The Australian Securities and Investments Commission (ASIC) is suing an Australian law firm for not offering a safe-harbor program to prevent the loss of a client’s investment.
In its lawsuit, ASIC is seeking $30 million in damages for failing to comply with an investment program that would have enabled the firm to withdraw its client’s money from a particular investment account.
ASIC is also seeking damages for a failure to protect clients from a fraudulent transfer that would result in the client’s withdrawal of funds.
ASIC alleges that KPMG LLP failed to disclose to clients that the firm would be withdrawing money from its client accounts from January 1, 2020 to April 15, 2020.
“KPMG advised clients that it had implemented a Safe Harbour program,” ASIC alleges in its complaint.
“However, KPMg advised that clients were not required to undertake any compliance measures.
In fact, it failed to inform clients of any risks associated with any Safe Harbour arrangements,” ASIC’s complaint states.
ASIC says the firm was not informed of its own risks or obligations under the program.
“In response to ASIC’s enquiries, K PMG advised that it was not responsible for the loss and that it could not be liable for the costs associated with withdrawing funds from a Safe Harbor account,” ASIC says in its lawsuit.
ASIC said KPMGs client lost $20 million in the first five months of the program and $25 million in a further five-month period, after it discovered that K PMGs clients were being falsely told that the company was withdrawing funds.
“As a result of the disclosure of the Safe Harbour arrangement, Kpmg clients lost a total of $30,000 in total, and $30K in total in a five-months period,” ASIC states.
“At the time of the alleged fraud, K AMG had not made a profit, but its loss of funds was significant and KPMGS client lost at least $25,000, and K AMGs client was unable to recover any of its lost funds.”
ASIC says KPMGELL failed to provide information to clients about the program that was required by law, including the program’s terms and conditions.
ASIC also alleges that the KPMGA firm was negligent in failing to take reasonable steps to warn clients that their funds would be withdrawn and to provide appropriate and timely notifications of such a withdrawal to clients.
“The conduct alleged is a breach of the Australian securities law, the Code of Practice for Insolvency and Bankruptcy, the Australian Securities Code, the Securities and Exchange Commission Act and other federal, state and local laws,” ASIC charges.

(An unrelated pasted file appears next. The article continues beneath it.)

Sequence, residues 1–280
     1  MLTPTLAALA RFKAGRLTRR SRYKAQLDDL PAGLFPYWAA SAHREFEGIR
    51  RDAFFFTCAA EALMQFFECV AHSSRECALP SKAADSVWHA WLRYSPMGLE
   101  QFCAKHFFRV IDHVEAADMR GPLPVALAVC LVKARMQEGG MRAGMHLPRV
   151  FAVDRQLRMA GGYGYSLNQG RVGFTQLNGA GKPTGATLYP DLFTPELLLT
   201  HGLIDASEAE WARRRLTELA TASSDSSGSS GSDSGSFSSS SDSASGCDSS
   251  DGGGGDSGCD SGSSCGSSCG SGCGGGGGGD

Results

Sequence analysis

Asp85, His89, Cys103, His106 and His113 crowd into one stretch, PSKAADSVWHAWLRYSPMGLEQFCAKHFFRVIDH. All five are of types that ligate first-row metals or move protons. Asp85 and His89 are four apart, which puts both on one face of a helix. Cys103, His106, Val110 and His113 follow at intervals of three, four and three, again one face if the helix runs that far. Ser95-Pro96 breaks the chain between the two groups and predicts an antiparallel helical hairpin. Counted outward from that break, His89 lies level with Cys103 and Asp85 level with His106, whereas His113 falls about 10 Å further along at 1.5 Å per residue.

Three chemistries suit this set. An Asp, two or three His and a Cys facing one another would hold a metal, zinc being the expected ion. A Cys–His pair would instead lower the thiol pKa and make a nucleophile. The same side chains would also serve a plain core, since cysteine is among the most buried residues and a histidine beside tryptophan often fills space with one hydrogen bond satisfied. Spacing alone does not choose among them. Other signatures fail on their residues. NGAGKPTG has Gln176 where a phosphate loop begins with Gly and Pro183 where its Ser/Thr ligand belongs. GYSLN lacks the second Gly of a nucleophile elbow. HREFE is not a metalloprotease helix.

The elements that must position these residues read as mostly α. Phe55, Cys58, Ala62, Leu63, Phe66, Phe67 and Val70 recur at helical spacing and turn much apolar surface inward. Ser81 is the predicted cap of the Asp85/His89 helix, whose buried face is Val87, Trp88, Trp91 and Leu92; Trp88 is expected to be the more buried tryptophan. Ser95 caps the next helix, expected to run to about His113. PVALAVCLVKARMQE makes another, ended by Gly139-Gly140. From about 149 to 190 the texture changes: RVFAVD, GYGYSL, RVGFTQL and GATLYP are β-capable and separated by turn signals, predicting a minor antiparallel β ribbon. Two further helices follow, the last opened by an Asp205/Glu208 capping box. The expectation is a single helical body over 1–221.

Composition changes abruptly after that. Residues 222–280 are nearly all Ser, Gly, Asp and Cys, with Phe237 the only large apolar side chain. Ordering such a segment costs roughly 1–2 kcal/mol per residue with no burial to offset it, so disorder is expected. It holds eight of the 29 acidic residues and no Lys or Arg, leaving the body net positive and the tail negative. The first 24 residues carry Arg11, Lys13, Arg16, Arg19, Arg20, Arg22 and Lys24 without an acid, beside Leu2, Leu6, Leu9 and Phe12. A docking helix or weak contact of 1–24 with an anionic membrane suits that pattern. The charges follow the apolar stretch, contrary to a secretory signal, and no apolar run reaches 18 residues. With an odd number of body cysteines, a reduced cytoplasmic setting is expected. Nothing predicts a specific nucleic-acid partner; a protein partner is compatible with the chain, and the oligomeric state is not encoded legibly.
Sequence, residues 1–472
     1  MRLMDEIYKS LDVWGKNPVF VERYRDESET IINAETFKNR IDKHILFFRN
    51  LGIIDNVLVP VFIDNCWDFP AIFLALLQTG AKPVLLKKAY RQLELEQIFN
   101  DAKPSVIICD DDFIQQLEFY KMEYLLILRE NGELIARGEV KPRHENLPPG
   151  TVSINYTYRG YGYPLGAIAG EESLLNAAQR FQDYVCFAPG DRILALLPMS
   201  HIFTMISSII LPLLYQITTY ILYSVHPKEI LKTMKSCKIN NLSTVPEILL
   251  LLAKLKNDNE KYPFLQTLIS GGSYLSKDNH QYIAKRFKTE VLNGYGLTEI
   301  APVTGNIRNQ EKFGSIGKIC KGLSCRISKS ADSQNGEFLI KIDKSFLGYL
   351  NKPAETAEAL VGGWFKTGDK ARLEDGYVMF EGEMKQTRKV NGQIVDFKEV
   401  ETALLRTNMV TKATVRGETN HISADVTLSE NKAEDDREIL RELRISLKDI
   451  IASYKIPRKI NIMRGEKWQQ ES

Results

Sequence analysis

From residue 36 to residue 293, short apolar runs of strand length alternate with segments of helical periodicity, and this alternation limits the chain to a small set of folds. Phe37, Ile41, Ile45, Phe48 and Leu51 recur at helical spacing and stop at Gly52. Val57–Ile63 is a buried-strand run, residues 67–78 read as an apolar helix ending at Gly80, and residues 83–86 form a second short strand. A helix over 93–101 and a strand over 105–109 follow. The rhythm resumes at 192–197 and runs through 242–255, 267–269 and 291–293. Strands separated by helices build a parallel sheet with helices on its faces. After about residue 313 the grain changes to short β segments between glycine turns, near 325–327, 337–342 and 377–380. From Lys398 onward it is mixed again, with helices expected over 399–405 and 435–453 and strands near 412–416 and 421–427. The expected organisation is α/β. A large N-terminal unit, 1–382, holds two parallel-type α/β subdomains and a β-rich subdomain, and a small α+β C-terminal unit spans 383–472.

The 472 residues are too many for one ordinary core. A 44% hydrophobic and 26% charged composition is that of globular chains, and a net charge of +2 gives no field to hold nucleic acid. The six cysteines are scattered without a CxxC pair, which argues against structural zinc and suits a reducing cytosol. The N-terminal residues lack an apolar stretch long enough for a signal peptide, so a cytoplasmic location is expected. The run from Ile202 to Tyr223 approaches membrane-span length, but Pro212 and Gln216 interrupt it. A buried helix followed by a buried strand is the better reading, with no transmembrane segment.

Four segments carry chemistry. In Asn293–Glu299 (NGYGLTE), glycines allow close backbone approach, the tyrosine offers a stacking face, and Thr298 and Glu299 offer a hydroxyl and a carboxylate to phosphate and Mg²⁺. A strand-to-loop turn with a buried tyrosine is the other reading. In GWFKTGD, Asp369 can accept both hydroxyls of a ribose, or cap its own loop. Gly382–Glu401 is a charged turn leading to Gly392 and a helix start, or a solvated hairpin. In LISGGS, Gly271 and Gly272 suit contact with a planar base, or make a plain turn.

“These breaches, including KPMMG’s failure to provide notice to clients, are also a breach in its obligation under the securities law to inform investors of its obligations to provide them with appropriate and prompt notices of any loss, loss or loss of confidence in the firm.”
ASIC’s lawsuit accuses KPMGC, a law firm in Adelaide, of a breach on several counts.
It alleges that from January 15, 2019 to April 25, 2020, KAMG, KMAG, and others in Australia and abroad failed to adequately inform clients that they could lose money if they invested in a specific investment, the company said.
ASIC alleged that KAMGs clients lost money on a $50,000 investment and $100,000 on a more than $1 million investment, both during the period.
KAMGA also failed to notify clients that its clients were losing money, ASIC alleges.
The lawsuit also alleges the firm’s failure resulted in KPMGM failing to provide “an effective and adequate” response to clients who complained about KPMGG’s alleged conduct.
“By failing to adequately advise its clients of their obligations under Safe Harbour, KAMPG failed to act in good faith and to take all reasonable steps reasonably necessary to ensure that KAMPGS clients’ funds were not lost,” ASIC said.
“It failed to take sufficient steps to detect and address suspicious transfers from its clients’ accounts, and failed to warn its clients that Kampg had made a loss.”
The lawsuit alleges that a total $4.8 million in lost funds was incurred by KAMPGG clients.
ASIC has not named the firm or said if the firm has any existing clients in Australia.
ASIC’s office in Melbourne declined to comment.
ASIC first filed a complaint with the agency in August 2018, alleging that K AMGHG, a firm in Melbourne, failed to promptly inform clients about an investment protection program it was implementing for clients who invested in funds with high levels of risk, including money in a foreign currency, that would be transferred to KAMGB’s account if the client lost.
KAMPGELL and KAMGC both denied ASIC’s allegations in the complaint.
ASIC filed a civil lawsuit against KAMPGB in July 2018.
KPMGTG, the second company in the case, denied ASICs allegations, saying it was unaware of any allegations that KAMS had failed to comply. “We are